KATHMANDU: Hundreds of students at the nation’s 156-year-old Sanskrit Secondary School in the capital share just two toilets, much to their irritation, especially for girls.
Sunita Fadera, a ninth grader in the school, said she would rather not drink water since the sanitation was not that convincing in her school.
“After the meal, I don’t drink much water these days as it compels me to go to the same unsanitary toilet,” said Sunita.
The 156-year-old school is housed in the same building where Durbar High School (DHS) stands.
Ministry of Education said 41 per cent of the public schools in Nepal have toilet facility out of which only 26 per cent have separate latrines for girls. Even those few available toilets are in wretched state, one of the reasons why girls’ attendance in schools is dismal.
Dhanajaya Yadav, principal of DHS, blamed on budget crunch to build girl-friendly toilets.
Since a month, the only toilet for girls in the Sanskrit Secondary School has been out of order but the authority seemed less bothered to maintain it.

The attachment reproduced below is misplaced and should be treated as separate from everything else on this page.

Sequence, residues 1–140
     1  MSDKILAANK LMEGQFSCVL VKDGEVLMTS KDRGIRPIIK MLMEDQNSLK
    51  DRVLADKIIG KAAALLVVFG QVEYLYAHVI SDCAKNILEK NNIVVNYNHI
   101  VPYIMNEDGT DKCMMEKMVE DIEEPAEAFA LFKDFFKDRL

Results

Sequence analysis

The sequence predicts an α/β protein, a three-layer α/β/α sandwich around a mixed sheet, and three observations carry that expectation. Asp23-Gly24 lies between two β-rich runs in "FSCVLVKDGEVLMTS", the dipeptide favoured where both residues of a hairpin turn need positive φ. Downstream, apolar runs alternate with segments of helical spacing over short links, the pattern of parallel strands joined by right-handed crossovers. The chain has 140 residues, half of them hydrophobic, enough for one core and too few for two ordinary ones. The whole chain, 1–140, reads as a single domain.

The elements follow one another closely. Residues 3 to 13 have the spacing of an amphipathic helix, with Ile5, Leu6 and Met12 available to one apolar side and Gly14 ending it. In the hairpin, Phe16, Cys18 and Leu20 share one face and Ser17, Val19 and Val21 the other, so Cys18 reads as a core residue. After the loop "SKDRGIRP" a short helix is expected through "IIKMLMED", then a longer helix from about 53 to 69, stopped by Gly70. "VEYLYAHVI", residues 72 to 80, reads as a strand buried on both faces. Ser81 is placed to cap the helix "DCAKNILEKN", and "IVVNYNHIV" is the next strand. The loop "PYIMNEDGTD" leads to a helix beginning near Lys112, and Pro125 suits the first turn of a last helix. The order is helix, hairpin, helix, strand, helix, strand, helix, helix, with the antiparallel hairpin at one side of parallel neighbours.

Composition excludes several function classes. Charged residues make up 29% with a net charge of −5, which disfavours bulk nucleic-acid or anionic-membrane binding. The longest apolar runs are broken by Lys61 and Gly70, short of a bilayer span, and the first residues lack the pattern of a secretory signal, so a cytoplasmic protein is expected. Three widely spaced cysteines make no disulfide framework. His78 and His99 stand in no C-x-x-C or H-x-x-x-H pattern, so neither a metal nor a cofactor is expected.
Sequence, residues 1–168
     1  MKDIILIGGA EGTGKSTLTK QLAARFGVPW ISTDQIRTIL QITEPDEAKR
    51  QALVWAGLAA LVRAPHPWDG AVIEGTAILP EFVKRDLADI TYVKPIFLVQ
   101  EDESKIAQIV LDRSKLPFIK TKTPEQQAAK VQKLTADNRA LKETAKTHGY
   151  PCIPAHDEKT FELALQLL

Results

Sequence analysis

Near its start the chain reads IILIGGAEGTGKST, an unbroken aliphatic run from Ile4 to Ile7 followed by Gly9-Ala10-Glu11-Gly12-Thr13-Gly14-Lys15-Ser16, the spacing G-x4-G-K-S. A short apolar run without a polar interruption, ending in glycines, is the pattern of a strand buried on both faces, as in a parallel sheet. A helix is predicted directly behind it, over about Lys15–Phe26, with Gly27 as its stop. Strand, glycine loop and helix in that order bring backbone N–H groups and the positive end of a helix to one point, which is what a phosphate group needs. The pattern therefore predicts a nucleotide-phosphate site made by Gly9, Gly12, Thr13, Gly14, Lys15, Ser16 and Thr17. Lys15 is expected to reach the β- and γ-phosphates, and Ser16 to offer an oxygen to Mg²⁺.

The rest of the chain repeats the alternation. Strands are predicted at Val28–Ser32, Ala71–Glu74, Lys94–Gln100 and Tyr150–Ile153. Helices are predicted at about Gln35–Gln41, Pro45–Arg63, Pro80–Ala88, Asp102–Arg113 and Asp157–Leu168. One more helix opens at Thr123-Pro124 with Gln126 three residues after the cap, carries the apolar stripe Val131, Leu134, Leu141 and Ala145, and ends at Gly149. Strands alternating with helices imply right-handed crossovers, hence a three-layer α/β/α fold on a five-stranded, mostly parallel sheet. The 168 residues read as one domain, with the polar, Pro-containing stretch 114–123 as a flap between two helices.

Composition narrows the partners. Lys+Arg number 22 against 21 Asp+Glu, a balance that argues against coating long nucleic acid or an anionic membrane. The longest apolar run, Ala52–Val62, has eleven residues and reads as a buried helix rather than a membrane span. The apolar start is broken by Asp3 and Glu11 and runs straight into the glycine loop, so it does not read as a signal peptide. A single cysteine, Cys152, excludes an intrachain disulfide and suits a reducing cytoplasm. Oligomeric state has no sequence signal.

Available data showed that only 46 per cent of the population has access to toilet against water supply coverage of 76 per cent. There also exists a large gap between the rich and poor when it comes to sanitation and water supply coverage.
According to Water Aid Nepal, 14.2 million Nepalis currently do not have access to sanitation. While 7.1 million are deprived of safe drinking water.
More than 50 per cent of those without sanitation and two-third of those without safe drinking water live in the Tarai region.
Globally, at least 5,000 children under five years old die of diarrhoea, linked directly with poor sanitary condition and unsafe drinking water, Water Aid Nepal said.
The government has the target of providing sanitation for all by 2017. In order to meet this ambitious target, it needs to invest Rs 7.5 billion for sanitation and drinking water. To meet this aspirational target by the stipulated deadline, the government has to build at least 10 toilets in each VDC, every month.
Reports of the National Demographic and Health Survey, Ministry of Health and Population, 2006, showed that inadequate access to water and sanitation was responsible for 10,500 child deaths in Nepal.
Lack of safe drinking water and dismal sanitation facility accounts for 88 per cent of the mortality.